SLEEPY EYE, Minnesota (CNN) -- The father of a cancer-stricken 13-year-old boy whose mother has fled with him to keep him from undergoing chemotherapy appealed Thursday for her to bring him home.
Doctors say Daniel Hauser's lymphoma responded well to a first round of chemotherapy in February.
"Please bring Danny home so that we can decide as a family what Danny's treatment should be," Anthony Hauser said, directing his halting comments to his wife, Colleen, as he stood in front of television cameras outside the family's house.
"I know you're scared and I feel that you left out of fear, maybe without thinking it all the way through," he continued. "Danny is my son and the rest of the family is worried sick about Danny, how he is and how he's going to come out.
"Please call me and let's talk about how you can come back here and we can get this worked out, what's best for Danny."
The boy was diagnosed with Stage 2B Hodgkin's lymphoma in January. The next month, he received a single course of treatment, which succeeded in shrinking a tumor in his chest but caused side effects that upset the family, doctors have said. Watch father urge the pair to come back »
Dr. Bruce Bostrom, the cancer specialist who oversaw that course of chemotherapy, told KARE-TV in Minneapolis that, without further treatment, Daniel's odds of survival would plummet from 80 to 90 percent to about 5 percent.
Daniel's second round of treatment was to have begun March 5, said the pediatric oncologist and associate professor at the University of Minnesota Medical School.
In April, after the boy had not returned for the second course, Bostrom called the family and left a message threatening to report them for child neglect, he said.
Colleen Hauser returned his call, telling him she was seeking a second opinion. But the doctor who ultimately cared for the boy has said he was only treating his symptoms, not the cancer itself, Bostrom said.
So Bostrom reported the family to authorities, the first time he has taken such a step in 25 years of practice, he said.
"I think it's our and my duty to do this," he said.
Meanwhile, the opportunity to intervene is narrowing. "He's now almost three months late, that's why it has regrown," Bostrom said, referring to another doctor's interpretation of a chest X-ray that showed Monday the tumor had worsened.
"It means his cancer is back and he is in danger," Bostrom said. "It could block his airway; he could develop life-threatening breathing problems and possibly even die from it. It could be within a few weeks or a month at the most, I would say."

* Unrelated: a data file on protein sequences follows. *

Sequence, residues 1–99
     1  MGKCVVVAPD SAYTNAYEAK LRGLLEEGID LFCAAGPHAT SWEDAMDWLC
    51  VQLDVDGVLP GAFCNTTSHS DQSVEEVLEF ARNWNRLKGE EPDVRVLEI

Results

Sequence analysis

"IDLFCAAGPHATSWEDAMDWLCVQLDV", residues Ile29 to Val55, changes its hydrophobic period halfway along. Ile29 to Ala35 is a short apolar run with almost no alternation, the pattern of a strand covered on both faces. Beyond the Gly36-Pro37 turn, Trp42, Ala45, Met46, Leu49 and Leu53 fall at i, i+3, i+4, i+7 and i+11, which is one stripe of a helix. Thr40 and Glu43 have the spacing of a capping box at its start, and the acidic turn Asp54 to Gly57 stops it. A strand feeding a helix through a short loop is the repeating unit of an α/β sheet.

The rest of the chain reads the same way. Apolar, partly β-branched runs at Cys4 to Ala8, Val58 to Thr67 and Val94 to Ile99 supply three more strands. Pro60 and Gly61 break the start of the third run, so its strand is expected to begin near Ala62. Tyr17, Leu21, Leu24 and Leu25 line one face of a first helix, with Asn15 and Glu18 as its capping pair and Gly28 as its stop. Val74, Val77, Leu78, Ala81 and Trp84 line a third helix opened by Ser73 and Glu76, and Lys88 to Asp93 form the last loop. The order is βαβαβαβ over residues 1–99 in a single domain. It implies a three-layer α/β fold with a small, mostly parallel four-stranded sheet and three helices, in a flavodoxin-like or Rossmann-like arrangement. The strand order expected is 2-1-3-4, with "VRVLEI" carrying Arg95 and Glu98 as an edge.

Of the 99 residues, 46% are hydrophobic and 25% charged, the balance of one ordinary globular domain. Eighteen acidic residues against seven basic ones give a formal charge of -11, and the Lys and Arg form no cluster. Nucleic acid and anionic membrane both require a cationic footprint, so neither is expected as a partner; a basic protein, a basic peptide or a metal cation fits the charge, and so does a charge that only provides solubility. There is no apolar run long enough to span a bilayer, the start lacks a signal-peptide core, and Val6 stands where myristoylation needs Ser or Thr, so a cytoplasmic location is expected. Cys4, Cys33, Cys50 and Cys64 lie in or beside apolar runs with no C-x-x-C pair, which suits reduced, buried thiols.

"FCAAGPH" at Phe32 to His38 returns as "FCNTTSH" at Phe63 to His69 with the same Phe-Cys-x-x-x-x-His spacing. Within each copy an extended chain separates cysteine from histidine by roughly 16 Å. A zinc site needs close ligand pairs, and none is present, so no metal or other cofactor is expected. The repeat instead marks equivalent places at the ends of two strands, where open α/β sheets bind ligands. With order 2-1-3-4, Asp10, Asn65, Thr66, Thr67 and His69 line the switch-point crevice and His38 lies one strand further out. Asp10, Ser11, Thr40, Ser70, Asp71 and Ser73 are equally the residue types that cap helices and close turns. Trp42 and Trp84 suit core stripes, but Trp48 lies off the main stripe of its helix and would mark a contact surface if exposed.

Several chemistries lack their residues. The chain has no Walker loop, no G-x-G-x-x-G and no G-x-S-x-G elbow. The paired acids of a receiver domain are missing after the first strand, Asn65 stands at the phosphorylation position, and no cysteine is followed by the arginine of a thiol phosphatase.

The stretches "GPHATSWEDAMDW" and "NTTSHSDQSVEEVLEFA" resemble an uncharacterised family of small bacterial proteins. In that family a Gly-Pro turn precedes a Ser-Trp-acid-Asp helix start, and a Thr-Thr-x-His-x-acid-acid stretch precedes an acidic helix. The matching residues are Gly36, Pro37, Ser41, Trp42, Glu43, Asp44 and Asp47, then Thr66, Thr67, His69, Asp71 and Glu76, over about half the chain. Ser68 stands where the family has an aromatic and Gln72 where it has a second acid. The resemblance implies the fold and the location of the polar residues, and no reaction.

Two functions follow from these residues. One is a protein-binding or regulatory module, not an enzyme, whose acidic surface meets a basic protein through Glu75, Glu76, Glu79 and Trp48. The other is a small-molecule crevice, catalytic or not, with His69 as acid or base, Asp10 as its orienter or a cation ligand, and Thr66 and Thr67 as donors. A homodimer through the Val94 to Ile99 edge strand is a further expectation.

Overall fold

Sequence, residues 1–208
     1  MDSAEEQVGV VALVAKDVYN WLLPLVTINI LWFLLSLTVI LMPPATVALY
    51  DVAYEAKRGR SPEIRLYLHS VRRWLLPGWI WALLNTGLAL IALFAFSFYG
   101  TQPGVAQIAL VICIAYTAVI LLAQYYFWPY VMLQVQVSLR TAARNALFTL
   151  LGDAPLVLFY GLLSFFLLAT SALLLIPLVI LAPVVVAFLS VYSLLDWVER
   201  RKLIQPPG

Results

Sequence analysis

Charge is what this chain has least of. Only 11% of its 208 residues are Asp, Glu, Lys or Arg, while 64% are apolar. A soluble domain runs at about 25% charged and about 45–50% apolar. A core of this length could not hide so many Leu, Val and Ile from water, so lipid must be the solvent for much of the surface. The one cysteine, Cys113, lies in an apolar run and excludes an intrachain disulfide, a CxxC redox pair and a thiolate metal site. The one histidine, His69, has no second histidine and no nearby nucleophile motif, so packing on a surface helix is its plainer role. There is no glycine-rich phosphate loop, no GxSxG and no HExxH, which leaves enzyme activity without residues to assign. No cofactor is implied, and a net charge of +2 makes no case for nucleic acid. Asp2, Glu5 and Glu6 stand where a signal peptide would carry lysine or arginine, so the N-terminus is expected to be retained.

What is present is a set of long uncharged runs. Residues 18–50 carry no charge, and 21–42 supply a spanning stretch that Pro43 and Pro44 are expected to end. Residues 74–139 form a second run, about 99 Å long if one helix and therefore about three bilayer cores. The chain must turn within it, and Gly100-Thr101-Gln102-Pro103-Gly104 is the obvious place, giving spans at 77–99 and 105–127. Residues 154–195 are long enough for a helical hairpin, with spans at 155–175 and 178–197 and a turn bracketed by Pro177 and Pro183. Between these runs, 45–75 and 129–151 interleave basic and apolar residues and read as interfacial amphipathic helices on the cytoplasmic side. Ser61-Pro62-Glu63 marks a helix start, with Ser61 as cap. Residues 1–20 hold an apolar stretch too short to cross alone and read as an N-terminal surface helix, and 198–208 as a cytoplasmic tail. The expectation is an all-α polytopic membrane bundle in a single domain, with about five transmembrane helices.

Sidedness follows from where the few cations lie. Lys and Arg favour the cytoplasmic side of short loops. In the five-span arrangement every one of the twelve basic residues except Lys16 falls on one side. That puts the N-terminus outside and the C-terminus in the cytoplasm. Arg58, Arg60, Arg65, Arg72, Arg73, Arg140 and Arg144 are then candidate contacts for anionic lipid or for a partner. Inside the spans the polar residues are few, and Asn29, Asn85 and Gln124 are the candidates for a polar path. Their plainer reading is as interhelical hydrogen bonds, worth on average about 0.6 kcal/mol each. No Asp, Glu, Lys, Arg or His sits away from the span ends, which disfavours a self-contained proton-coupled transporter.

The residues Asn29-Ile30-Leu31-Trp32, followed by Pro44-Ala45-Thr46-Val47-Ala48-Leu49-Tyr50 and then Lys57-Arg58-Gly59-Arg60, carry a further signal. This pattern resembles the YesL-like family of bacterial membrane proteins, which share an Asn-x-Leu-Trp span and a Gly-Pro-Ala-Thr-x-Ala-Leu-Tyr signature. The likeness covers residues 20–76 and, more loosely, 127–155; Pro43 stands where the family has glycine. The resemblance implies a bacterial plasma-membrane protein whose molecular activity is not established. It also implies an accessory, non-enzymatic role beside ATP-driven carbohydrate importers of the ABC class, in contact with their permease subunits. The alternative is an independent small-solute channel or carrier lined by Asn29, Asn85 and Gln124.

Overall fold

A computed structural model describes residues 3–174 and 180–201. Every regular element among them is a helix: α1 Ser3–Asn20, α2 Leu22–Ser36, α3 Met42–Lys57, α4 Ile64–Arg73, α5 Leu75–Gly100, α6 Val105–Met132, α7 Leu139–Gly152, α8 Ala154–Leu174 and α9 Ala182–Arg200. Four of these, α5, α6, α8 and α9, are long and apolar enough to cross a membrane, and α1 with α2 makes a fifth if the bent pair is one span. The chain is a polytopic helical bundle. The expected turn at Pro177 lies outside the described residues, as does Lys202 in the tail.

Hodgkin's lymphoma is a cancer of the immune system. Stage 2B refers to the two areas of the body where Daniel has it -- the chest and the neck -- and the symptoms he has experienced: tumor, fatigue, weight loss and night sweats.
Authorities said Wednesday that Colleen and Daniel Hauser were near Los Angeles, California, perhaps en route to Mexico for more holistic treatment of his lymphoma.
Brown County, Minnesota, Sheriff Rich Offmann cited "reliable information" in making the announcement to reporters. The sheriff's office issued a felony arrest warrant for Colleen Hauser on Thursday in an effort to "ensure extradition to Minnesota."
Family spokesman Dan Zwakman said on Thursday that Anthony Hauser was not aware that his wife was taking the child.
"From all appearances," Zwakman said, "it was a case of her decision by herself." Watch what legal issues are at stake »
The boy and his mother were last reported seen Monday in Minnesota. When mother and son failed to show up at a court hearing Tuesday, Brown County District Judge John R. Rodenberg issued an arrest warrant for Colleen Hauser.
Court documents show that the doctors estimated the boy's chance of five-year remission with more chemotherapy and possibly radiation at 80 percent to 95 percent.
But the family rejected standard treatment, opting instead for a holistic medical treatment based on Native American healing practices called Nemenhah.
In a written statement issued last week, an attorney for the parents said they "believe that the injection of chemotherapy into Danny Hauser amounts to an assault upon his body, and torture when it occurs over a long period of time."
Dr. Sanjay Gupta, CNN chief medical correspondent, said he had no doubts about what to do.
"My advice would be to treat him, without question," he said. "He has a very, very good chance of surviving, being cured and never having to deal with this again. As a doctor, as a fellow citizen, I would say he should be treated." Watch Gupta discuss Daniel's chances »
But Zwakman told CNN's "American Morning" program Thursday that he knows five people who have been cured with natural healing.
"Yes, it's happened many times," he said. Watch Zwakman speak to CNN »
Mankato, Minnesota, lawyer Calvin P. Johnson, who identified himself as the Hauser family's attorney, said Thursday that forcing treatment would constitute "assault and torture."
Johnson said officials were forcing treatment neither the boy nor his parents want.
"Anthony and Colleen Hauser share Danny's viewpoint: They do not approve of chemotherapy. Under the circumstances of this case, chemotherapy constitutes assault and torture, when given to a young man who believes that it will kill him," Johnson said in a written statement.
CNN's Chris Welch contributed to this report.
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